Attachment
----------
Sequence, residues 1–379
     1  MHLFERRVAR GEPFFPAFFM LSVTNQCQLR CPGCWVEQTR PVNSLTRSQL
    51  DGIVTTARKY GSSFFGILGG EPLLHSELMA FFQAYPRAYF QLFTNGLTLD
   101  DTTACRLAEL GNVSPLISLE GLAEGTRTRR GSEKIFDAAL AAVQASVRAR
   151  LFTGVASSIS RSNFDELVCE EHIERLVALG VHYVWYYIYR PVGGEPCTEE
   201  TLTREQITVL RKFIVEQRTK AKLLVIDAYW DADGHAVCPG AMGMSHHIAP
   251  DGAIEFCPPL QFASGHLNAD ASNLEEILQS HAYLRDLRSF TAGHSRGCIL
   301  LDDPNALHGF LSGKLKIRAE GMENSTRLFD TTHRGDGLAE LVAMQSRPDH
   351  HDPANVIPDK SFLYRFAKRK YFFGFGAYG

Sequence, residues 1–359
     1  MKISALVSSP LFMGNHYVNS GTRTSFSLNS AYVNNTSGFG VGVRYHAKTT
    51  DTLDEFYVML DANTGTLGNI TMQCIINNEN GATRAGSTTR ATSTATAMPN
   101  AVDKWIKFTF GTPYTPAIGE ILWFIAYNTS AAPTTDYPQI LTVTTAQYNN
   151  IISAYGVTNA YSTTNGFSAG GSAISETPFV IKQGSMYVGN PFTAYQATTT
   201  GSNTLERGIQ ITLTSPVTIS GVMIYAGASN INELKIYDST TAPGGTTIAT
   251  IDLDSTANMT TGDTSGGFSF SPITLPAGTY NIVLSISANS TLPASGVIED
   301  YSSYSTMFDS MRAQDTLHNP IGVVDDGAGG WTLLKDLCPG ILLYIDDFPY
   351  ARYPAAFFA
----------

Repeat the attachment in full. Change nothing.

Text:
Sequence, residues 1–379
     1  MHLFERRVAR GEPFFPAFFM LSVTNQCQLR CPGCWVEQTR PVNSLTRSQL
    51  DGIVTTARKY GSSFFGILGG EPLLHSELMA FFQAYPRAYF QLFTNGLTLD
   101  DTTACRLAEL GNVSPLISLE GLAEGTRTRR GSEKIFDAAL AAVQASVRAR
   151  LFTGVASSIS RSNFDELVCE EHIERLVALG VHYVWYYIYR PVGGEPCTEE
   201  TLTREQITVL RKFIVEQRTK AKLLVIDAYW DADGHAVCPG AMGMSHHIAP
   251  DGAIEFCPPL QFASGHLNAD ASNLEEILQS HAYLRDLRSF TAGHSRGCIL
   301  LDDPNALHGF LSGKLKIRAE GMENSTRLFD TTHRGDGLAE LVAMQSRPDH
   351  HDPANVIPDK SFLYRFAKRK YFFGFGAYG

Sequence, residues 1–359
     1  MKISALVSSP LFMGNHYVNS GTRTSFSLNS AYVNNTSGFG VGVRYHAKTT
    51  DTLDEFYVML DANTGTLGNI TMQCIINNEN GATRAGSTTR ATSTATAMPN
   101  AVDKWIKFTF GTPYTPAIGE ILWFIAYNTS AAPTTDYPQI LTVTTAQYNN
   151  IISAYGVTNA YSTTNGFSAG GSAISETPFV IKQGSMYVGN PFTAYQATTT
   201  GSNTLERGIQ ITLTSPVTIS GVMIYAGASN INELKIYDST TAPGGTTIAT
   251  IDLDSTANMT TGDTSGGFSF SPITLPAGTY NIVLSISANS TLPASGVIED
   301  YSSYSTMFDS MRAQDTLHNP IGVVDDGAGG WTLLKDLCPG ILLYIDDFPY
   351  ARYPAAFFA